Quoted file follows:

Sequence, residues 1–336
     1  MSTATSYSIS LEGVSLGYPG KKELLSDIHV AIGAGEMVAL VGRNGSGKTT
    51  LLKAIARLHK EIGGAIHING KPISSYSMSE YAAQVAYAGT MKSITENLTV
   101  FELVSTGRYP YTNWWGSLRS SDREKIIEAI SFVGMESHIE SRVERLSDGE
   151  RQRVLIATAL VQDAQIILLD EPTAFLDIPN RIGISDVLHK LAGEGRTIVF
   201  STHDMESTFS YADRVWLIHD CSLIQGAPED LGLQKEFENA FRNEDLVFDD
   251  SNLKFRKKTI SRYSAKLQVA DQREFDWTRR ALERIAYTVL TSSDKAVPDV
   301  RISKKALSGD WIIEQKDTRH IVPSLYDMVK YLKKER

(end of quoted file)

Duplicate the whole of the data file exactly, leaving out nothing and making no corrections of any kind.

Sequence, residues 1–336
     1  MSTATSYSIS LEGVSLGYPG KKELLSDIHV AIGAGEMVAL VGRNGSGKTT
    51  LLKAIARLHK EIGGAIHING KPISSYSMSE YAAQVAYAGT MKSITENLTV
   101  FELVSTGRYP YTNWWGSLRS SDREKIIEAI SFVGMESHIE SRVERLSDGE
   151  RQRVLIATAL VQDAQIILLD EPTAFLDIPN RIGISDVLHK LAGEGRTIVF
   201  STHDMESTFS YADRVWLIHD CSLIQGAPED LGLQKEFENA FRNEDLVFDD
   251  SNLKFRKKTI SRYSAKLQVA DQREFDWTRR ALERIAYTVL TSSDKAVPDV
   301  RISKKALSGD WIIEQKDTRH IVPSLYDMVK YLKKER